As indicated, this process will take months, not weeks, to properly analyze due to the complexity of the – of operating in bank in today’s regulatory environment and the impact this may have in our capital structure.

We have a dedicated group of employees partnering with outside subject matter experts to fully inform our view. We will provide insight into our diligence process by early 2014.

Finally this August, we hosted over 5,000 attendees at our annual advisor conference in San Diego, the largest of its kind in the industry. We utilized this conference to reinforce our strategy and the broad rollout of several new technologies that we have previously highlighted.

These technologies represent the investment we’ve been making the business, and now create the opportunity for advisers to drive productivity in their businesses.

These new technology resources include an enhance trading rebalancing platform which will drive greater efficiency in the advisor’s office and propel transaction volumes.

We propel the LPL to the forefront of mobile technology with the launch of our new account view which helps strengthen the relationship and connectivity between advisor and client.

We’re also the first independent broker-dealer to introduce remote deposit which will increase advisor efficiency and cut cost.

I’m excited about the opportunities before us to deliver a differentiated solution and support the growth of our advisors. With that, I’ll turn the call over to our CFO, Dan Arnold, who will review our financial results and outlook in greater detail.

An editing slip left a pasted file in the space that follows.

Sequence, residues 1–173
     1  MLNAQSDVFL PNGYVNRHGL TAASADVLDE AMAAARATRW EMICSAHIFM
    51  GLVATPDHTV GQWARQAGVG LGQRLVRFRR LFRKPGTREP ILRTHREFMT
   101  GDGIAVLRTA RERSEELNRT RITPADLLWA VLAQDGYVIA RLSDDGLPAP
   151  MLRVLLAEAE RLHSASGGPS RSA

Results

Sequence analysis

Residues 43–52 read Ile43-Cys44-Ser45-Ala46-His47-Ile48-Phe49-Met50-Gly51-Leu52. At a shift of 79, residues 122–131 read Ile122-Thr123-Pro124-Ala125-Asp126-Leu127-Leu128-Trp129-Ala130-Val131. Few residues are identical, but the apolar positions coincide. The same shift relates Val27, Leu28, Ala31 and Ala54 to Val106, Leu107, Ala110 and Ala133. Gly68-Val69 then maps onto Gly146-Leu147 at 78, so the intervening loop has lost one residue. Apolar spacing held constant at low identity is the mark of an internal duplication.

Dan Arnold

Thanks, Mark. This morning, I will be discussing four main themes. First, I’ll address our strong top line results for the quarter, and highlight the fundamental drivers behind our growth; second, I’ll review various components of our expense structure, next, I’ll discuss our profitability as measured by adjusted EBITDA and adjusted earnings per share. Lastly, I’ll conclude my remarks with insight into our capital management.

In the third quarter, we generated record revenue of $1.1 billion representing 16% growth year-over-year. Total brokerage and advisory assets rose 12% to a record 415 billion or $31 million per advisor.

This growth was driven by increasing advisory productivity, improving equity market levels, and accelerating production of 393 net new advisors added over the last 12 months.

Advisory asset growth in commission related activities contributed to gains in advisor productivity.

The strength and flexibility of our corporate advisory and independent RIA solutions, are clear as over 50% of gross sales now flow to advisory accounts.

As a result, net advisory flows in the third quarter grew to a record of $4 billion or 11% annualized growth.